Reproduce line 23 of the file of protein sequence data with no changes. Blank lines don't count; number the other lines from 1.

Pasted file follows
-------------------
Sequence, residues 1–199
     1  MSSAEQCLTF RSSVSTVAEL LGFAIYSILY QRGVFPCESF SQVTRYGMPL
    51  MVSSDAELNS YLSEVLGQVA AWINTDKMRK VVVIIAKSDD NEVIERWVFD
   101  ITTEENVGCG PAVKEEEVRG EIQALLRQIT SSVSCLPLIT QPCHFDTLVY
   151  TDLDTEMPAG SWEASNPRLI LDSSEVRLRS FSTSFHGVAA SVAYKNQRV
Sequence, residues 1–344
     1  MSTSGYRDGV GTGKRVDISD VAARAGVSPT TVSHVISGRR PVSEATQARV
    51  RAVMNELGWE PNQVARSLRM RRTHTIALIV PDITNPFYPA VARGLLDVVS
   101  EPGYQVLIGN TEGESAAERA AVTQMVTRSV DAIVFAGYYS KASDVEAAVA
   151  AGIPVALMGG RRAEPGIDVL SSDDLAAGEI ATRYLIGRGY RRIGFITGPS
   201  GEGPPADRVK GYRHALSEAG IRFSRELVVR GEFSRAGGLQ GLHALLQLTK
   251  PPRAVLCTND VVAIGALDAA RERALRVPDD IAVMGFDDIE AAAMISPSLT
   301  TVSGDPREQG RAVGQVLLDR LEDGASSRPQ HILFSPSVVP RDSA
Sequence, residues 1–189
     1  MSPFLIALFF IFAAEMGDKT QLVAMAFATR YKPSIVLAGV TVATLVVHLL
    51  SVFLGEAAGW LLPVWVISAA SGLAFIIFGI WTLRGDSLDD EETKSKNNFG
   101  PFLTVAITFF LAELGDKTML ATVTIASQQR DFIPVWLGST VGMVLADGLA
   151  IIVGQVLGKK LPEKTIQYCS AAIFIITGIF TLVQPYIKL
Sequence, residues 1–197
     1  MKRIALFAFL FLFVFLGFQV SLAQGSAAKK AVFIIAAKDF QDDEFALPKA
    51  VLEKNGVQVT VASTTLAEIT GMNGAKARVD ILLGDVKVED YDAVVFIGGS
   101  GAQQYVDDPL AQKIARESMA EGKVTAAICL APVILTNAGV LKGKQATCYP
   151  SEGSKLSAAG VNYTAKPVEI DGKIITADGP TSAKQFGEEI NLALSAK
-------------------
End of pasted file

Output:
   151  SEGSKLSAAG VNYTAKPVEI DGKIITADGP TSAKQFGEEI NLALSAK